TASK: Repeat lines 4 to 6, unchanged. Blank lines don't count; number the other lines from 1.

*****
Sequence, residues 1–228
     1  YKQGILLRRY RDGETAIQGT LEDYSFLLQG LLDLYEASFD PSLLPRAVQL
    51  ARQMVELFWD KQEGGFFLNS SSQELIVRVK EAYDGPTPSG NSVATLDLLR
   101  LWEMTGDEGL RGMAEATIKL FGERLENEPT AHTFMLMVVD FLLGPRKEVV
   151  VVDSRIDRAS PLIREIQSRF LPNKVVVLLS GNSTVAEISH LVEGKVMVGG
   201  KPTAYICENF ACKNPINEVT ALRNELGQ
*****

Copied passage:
   101  LWEMTGDEGL RGMAEATIKL FGERLENEPT AHTFMLMVVD FLLGPRKEVV
   151  VVDSRIDRAS PLIREIQSRF LPNKVVVLLS GNSTVAEISH LVEGKVMVGG
   201  KPTAYICENF ACKNPINEVT ALRNELGQ